Louis Shanghan of the LA Times reports on Greg Pauly‘s field surveys of non-native Cuban brown anoles (Anolis sagrei) and geckos in Orange County neighborhoods
“The anoles, which are native to Cuba, arrived here about a decade ago as stowaways in nursery plants,” Pauly said as the team strode down a leafy street, methodically scanning sidewalks, brick walls and tree trunks for the stick-like shapes of lizards basking in the sun. “Today, there’s at least 10 to 20 per residential lot in this neighborhood alone.”
“There’s a nice one over there,” he said, nodding toward an anole – about five inches long, adorned with light brown speckles and a bright line running from head to tail – clinging to the side of a front-yard planter box.
Full story here: Scientists survey an Orange County neighborhood’s nonnative lizard populations
As a side note, the details for the original record (as far as I know) of A. sagrei in California are as follows:
The first published documentation was in Herpetological Review 45(4), 2014, an edited version of which you can read below:
ANOLIS SAGREI (Cuban Brown Anole). USA: CALIFORNIA: San Diego Co.: Vista, elev. 158 m) 19 July 2014.
C. Mahrdt, E. Ervin, and L. Geiger. Verified by Bradford D. Hollingsworth. San Diego Natural History Museum (SDSNH 76128–76133).
New county and state record (Granatosky and Krysko 2013. IRCF Rept. Amphib. 20:190–191)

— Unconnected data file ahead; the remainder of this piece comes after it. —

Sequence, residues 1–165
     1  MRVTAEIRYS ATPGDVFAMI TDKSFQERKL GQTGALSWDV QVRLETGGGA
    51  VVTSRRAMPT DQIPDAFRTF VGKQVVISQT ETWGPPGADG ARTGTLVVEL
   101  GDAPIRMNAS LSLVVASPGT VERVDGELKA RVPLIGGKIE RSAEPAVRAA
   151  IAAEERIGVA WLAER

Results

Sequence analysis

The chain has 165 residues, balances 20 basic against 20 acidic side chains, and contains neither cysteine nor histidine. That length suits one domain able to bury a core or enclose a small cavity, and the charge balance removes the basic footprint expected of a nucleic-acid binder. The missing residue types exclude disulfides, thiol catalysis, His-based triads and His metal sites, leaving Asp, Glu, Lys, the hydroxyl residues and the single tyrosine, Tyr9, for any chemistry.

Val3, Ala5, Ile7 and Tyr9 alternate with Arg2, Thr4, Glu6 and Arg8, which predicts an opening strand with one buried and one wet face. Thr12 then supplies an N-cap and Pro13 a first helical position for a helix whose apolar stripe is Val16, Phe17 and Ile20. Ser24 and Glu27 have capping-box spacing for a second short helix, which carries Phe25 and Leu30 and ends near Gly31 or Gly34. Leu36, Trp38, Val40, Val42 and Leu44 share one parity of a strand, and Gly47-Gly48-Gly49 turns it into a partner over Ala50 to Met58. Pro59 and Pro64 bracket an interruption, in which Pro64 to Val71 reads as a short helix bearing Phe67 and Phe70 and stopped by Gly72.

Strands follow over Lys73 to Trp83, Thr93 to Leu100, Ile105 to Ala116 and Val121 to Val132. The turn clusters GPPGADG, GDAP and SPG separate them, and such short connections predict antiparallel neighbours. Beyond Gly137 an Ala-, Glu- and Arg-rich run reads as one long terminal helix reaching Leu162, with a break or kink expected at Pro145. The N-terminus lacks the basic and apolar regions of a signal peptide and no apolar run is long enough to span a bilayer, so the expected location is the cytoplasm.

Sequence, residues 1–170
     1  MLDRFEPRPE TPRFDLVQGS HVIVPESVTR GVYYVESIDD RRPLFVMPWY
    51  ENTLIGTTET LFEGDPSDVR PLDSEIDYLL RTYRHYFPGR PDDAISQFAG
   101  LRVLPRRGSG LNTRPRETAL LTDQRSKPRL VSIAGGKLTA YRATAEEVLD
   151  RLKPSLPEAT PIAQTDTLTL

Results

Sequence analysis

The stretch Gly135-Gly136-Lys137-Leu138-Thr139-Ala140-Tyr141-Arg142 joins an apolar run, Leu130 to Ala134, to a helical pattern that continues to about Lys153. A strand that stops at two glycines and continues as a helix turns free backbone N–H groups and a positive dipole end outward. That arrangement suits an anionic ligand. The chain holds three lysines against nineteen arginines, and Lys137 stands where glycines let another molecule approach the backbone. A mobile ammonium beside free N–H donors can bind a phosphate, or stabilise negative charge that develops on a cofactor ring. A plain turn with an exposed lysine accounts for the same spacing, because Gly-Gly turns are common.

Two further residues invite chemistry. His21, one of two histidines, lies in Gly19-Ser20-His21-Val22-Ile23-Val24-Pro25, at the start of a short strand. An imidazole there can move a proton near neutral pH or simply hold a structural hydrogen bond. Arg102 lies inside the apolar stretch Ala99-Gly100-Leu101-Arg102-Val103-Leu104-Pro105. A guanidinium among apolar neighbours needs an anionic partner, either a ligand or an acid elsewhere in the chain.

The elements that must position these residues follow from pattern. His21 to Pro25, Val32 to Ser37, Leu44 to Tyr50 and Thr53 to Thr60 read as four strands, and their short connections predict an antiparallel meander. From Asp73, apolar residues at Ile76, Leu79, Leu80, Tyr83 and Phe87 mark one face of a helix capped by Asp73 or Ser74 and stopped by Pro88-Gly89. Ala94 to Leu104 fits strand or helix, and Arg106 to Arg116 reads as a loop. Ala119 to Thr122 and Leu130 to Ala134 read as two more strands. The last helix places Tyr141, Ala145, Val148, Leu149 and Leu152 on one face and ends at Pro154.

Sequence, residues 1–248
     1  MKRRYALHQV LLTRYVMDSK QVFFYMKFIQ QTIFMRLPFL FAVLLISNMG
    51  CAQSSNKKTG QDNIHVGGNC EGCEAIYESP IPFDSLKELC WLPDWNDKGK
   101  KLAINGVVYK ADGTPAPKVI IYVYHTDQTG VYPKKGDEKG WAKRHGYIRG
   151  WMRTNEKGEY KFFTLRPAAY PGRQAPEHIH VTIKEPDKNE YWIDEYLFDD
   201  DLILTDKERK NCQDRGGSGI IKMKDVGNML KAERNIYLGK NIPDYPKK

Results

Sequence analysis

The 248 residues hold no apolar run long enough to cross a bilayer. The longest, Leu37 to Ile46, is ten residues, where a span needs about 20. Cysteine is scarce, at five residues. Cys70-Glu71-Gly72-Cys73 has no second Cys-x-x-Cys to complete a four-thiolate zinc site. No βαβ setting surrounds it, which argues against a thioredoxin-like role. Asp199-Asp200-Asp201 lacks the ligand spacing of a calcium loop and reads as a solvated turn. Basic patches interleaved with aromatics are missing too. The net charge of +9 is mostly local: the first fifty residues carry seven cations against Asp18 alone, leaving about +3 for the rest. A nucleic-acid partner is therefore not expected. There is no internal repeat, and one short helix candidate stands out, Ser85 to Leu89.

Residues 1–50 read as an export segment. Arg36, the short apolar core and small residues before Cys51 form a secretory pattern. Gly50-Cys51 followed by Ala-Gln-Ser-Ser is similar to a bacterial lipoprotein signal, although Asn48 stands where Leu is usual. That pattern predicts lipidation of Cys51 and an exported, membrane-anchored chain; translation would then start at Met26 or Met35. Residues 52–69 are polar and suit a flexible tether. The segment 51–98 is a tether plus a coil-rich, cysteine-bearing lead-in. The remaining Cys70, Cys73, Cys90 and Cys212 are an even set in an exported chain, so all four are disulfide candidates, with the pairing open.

Four adult males and two hatchling specimens were collected on a one-acre parcel landscaped with palms, cycads, and several species of tropical plants and ground cover. Several boulders scattered throughout the parcel were used as perch sites for male lizards. An additional 16 adults and six hatchlings were observed in the two-hour site visit (1030–1230 h). Adults were also observed beyond the property indicating that this population is established and likely expanding through the contiguous tropical landscaping of neighboring properties. According to the property owner, he first observed the species in August 2012 shortly after receiving shipments of palm trees in May–August originating from suppliers located in the Hawaiian Islands.
CLARK R. MAHRDT, Department of Herpetology, San Diego Natural History Museum, San Diego, California 92102, USA (e-mail: leopardlizard@ cox.net);
EDWARD L. ERVIN, Merkel & Associates, Inc., 5434 Ruffin Road, San Diego, California 92123, USA;
GARY NAFIS, (www.californiaherps.com).
More information on A. sagrei in California can be found here